Weekly Homily from Father Jim Hogan for the 29th Sunday in Ordinary Time, October 19, 2014

•Isaiah 45: 1, 4-6 • 1 Thessalonians 1: 1-5 • Matthew 22: 15-21•

Weekly Scripture Readings: 29th Sunday in Ordinary Time

After the Vietnam War, the military draft was ended and today the United States military is composed citizens who freely choose to be in the military. Not all of them, especially the very young, realize the implications of war.  Many wounded warriors have returned home with lives broken in ways they never imagined possible.  Whatever their motive for joining the military, they intended to serve our nation.  We all benefit from their efforts.  They ought to be respected and honored.  I mean that sincerely and ask that you please remember it when I conclude this homily.

The passion, the fire burning in the soul of Jesus of Nazareth was his commitment to prepare and transform the hearts of people so “the reign of God” would emerge.  We might even say that Jesus was obsessed with “the reign of God.”   Unfortunately our catechisms, and even our liturgy is filled with such “a tangle of concepts and words” that when we are done, most people, even while thinking of themselves as Christian, still do not know exactly what Jesus meant by “the reign of God.”

“The reign of God.”  The thing God wants for everyone is a full human life.  Jesus demonstrated this by bringing fuller life to everyone whose life was diminished or threatened in any way.  It seems that what a fully human life means is quite evident.  Just sit down and make some notes about yourself.  What do you want in your life?  What is it you need?  What is it that creates balance and peace for you?  Your list about your own life will tell you or at least provide indicators of what a full human life is.

Apparently Jesus understood and appreciated that a fully human life is possible only when human beings are able to live with dignity.  Examine his words and it is evident he was promoting a profound transformation of human social life.  He was determined to enable people to live within a just society. This meant promoting the common good of all people.  At a minimum the common good means justice, freedom, knowledge, habitation, health and nourishment for all people.

According to the written Gospels, the fire burning in the soul of Jesus provoked anxiety and concern among the leaders of both civil government and religion.  Those leaders did not want to lose their privileged status in the society Jesus was challenging.

So people from the court of Herod and disciples of the Pharisees were sent to Jesus with a clever trap.  “Is it lawful to pay taxes to the emperor, or not?”  We know how the Tea Party answers.  Jesus answers the question in a most unexpected way.  “Return to the emperor the things that are the emperor’s, and return to God the things that are God’s.”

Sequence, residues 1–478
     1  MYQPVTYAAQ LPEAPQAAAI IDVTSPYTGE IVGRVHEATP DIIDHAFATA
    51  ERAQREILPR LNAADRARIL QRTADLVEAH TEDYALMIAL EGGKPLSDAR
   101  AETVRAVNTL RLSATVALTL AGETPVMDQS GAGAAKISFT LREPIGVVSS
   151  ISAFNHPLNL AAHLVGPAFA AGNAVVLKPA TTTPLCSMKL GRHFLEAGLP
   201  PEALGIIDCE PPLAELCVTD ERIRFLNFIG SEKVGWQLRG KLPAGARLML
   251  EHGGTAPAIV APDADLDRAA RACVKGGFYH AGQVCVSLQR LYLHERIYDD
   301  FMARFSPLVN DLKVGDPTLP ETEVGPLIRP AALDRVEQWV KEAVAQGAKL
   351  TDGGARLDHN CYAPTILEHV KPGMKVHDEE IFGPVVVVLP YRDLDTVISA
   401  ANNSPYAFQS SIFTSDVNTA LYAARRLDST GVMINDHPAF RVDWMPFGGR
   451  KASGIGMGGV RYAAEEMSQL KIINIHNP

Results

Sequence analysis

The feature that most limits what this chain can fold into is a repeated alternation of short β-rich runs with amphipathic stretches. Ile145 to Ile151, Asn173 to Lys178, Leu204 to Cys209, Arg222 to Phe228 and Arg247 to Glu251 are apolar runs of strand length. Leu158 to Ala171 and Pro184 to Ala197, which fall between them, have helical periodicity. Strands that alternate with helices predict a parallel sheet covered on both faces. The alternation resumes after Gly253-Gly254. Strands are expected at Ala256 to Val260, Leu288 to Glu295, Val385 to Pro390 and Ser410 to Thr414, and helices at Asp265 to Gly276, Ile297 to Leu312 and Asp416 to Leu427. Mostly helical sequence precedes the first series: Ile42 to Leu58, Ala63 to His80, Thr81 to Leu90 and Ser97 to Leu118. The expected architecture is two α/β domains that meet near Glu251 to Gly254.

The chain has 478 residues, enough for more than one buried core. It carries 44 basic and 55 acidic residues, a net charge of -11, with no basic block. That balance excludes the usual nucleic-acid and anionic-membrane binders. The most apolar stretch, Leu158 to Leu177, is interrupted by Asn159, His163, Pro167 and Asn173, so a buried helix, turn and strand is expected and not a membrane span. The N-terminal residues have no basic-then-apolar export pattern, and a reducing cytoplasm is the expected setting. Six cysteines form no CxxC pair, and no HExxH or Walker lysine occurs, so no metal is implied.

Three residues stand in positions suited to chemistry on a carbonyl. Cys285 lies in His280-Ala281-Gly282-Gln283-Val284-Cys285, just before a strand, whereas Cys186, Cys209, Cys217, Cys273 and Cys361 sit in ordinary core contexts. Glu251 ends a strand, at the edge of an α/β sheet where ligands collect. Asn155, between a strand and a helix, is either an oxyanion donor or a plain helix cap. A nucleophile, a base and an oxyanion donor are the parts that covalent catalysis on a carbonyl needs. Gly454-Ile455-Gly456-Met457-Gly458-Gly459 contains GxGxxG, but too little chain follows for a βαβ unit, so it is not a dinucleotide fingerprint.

The life and teaching of Jesus about “the reign of God” introduced into history a logic totally different from the one that underlies the power of Caesar. With eight simple words he extended that logic: return to God the things that are God’s” and sealed his own fate. He “is not thinking of God and Caesar as two powers, each of whom can make certain demands upon us. Caesar and God are not two parallel authorities.  God is above every emperor, and the emperor must never demand what belongs to God.”

Now please understand this.  My final thoughts in this homily presume I am speaking about someone others can identify as sincere in his/her commitment to imitate Jesus and live in harmony with “the reign of God.”   That does not describe every nominal Christian or citizen of our nation!  To be part of “Caesar’s military” is to take an oath to act and behave in ways that reject or at least contradict “the reign of God.”  In certain circumstances that oath requires behavior that denies human dignity.  It may require the killing of people and the destruction of all that provides a fully human life.  Given the brutal, violent, destructive power of modern empires like our own, I think there will be more and more authentic Christians refusing to be part of an imperial military in which one is required to fire a missile or a rifle or a nuclear warhead.  Such action destroys human life and all that someone like you wants or needs to create the balance and peace of a fully human life.

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One Response to Weekly Homily from Father Jim Hogan for the 29th Sunday in Ordinary Time, October 19, 2014

  1. Bill Dix says:

    This is such an accurate description of the call that I despair having lost all hope for our current course.

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